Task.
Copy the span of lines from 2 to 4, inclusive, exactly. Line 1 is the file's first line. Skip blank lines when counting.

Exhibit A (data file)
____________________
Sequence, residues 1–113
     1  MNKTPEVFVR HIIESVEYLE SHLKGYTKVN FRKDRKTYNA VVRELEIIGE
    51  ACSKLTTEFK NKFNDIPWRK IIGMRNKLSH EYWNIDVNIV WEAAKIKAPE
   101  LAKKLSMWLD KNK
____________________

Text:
     1  MNKTPEVFVR HIIESVEYLE SHLKGYTKVN FRKDRKTYNA VVRELEIIGE
    51  ACSKLTTEFK NKFNDIPWRK IIGMRNKLSH EYWNIDVNIV WEAAKIKAPE
   101  LAKKLSMWLD KNK